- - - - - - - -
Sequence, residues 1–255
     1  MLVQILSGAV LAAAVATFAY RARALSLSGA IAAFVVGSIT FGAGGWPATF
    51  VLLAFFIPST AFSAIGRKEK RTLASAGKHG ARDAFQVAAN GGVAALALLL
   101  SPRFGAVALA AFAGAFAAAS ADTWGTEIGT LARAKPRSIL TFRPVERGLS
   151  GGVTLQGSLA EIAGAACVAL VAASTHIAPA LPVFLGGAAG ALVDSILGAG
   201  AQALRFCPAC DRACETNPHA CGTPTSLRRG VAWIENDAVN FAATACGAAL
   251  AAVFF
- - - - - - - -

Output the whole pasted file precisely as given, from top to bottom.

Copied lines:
Sequence, residues 1–255
     1  MLVQILSGAV LAAAVATFAY RARALSLSGA IAAFVVGSIT FGAGGWPATF
    51  VLLAFFIPST AFSAIGRKEK RTLASAGKHG ARDAFQVAAN GGVAALALLL
   101  SPRFGAVALA AFAGAFAAAS ADTWGTEIGT LARAKPRSIL TFRPVERGLS
   151  GGVTLQGSLA EIAGAACVAL VAASTHIAPA LPVFLGGAAG ALVDSILGAG
   201  AQALRFCPAC DRACETNPHA CGTPTSLRRG VAWIENDAVN FAATACGAAL
   251  AAVFF